Australia’s World Cup campaign is over, a 2-0 defeat to Peru consigning the Socceroos to a third successive group-stage effort.
Once again, it was a promising attacking performance from Bert van Marwijk’s side, one which was begging for a top-class striker to make the most of the many attacking chances. Instead, they went begging.
For the first match in the tournament, Australia started on the front foot, making the first attacks of note but not really troubling the Peruvian defence. The South Americans had no such troubles.
With what was essentially Peru’s first incursion into Socceroos territory, Paolo Guerrero latched onto a lofted long ball, holding play up inside the box before crossing for Andre Carrillo. After steadying himself briefly, the winger lashed a superb volley through two defenders and past the helpless Mat Ryan.
Replays showed Guerrero was awfully close to being offside in the build-up. Was he undoubtedly beyond the last defender when the ball was played? The few replays flashed up on the screen made it hard to say. Certainly it warranted at least a look from VAR. But the technology was not consulted and, for the third time in as many matches, the Socceroos went 1-0 down.
As in those previous two games, conceding the first goal led to some positive play from Bert van Marwijk’s side.
Tom Rogic, outstanding throughout the first 45, went closest to bringing the scores level with a terrific run into the box, but his weak shot was saved by Pedro Gallese. Mathew Leckie almost latched onto a cut-back from Robbie Kruse and would have scored were it not for a crucial interception from the Peruvian defence, while Trent Sainsbury headed wide from an Aaron Mooy free-kick.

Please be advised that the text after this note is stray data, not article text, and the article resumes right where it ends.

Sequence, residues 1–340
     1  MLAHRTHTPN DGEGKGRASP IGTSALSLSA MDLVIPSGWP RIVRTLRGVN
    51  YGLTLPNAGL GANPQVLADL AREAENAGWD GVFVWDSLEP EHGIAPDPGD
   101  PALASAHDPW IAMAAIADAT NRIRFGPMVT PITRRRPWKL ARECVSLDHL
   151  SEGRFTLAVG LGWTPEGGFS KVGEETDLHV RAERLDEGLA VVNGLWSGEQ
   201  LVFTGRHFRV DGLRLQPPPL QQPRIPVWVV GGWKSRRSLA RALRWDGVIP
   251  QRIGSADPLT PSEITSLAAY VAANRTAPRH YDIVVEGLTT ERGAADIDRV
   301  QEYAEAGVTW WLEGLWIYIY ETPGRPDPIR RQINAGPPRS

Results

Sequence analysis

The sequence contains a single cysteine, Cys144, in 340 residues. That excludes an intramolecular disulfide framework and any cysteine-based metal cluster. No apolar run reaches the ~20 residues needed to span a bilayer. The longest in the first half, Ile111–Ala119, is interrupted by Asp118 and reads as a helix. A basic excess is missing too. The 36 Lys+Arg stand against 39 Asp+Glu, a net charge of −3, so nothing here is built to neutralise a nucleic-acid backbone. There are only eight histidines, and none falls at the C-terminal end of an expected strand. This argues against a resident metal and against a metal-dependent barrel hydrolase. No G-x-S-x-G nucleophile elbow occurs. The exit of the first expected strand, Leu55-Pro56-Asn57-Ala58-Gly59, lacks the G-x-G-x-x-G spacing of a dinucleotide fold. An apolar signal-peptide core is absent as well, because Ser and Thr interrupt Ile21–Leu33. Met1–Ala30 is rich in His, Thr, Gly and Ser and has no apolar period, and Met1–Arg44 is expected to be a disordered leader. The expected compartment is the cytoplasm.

The Socceroos left the field for half-time with 57 per cent possession and five shots to their name. Alas, as had been the case against Denmark, their excellent play went unrewarded, the lack of a dependable striker once again proving to be an Achilles heel.
Despite that, there was no change from van Marwijk at the start of the second half, and things soon went from bad to worse for Australia.
Christian Cueva broke down the sideline, exploiting a paddock of space left by the very tired looking Josh Risdon and Mile Jedinak. Cueva’s deflected pass led to Guerrero’s deflected shot, the latter of which looped off Mark Milligan’s challenge and past Ryan’s outstretched arms and into the net.
A two-goal deficit was enough to see Tim Cahill summoned at the expense of the ineffective Tomi Juric, and soon after Daniel Arzani also joined the fray.
Successive corners led to successive chances, but neither Cahill nor Aziz Behich could test Gallese with their volleyed efforts. Arzani too tried his luck with a volley, but his long-range attempt flew over the bar.
Behich then almost set up Cahill for World Cup goal number six, but the left-back’s delivery couldn’t find its mark. If the match’s previous events hadn’t done so already, that misdirected cross made it abundantly clear that it just wasn’t Australia’s night.
In truth, the result against Peru didn’t matter. Elsewhere in Group C, France and Denmark were content to play out a scoreless draw, sending both European nations through to the round of 16 quite comfortably.
But that’s hardly an excuse, nor were Australia half as unlucky as the partisan SBS commentators would have us believe. Admirable as their performances were, the Socceroos failed to win a game in Russia and were incapable of scoring from anywhere but the penalty spot.
The task of fixing those attacking woes now falls to Graham Arnold, who takes over from van Marwijk as national coach. Finding a regular avenue to goal, someone who can get into the right areas and capitalise on the side’s excellent build-up play, is a priority.
But that can wait. For now, Australian fans and players will dwell on a lost opportunity to make an impact at the World Cup.
Hopefully the side can do just that next time around. Only 1608 days to go until Qatar.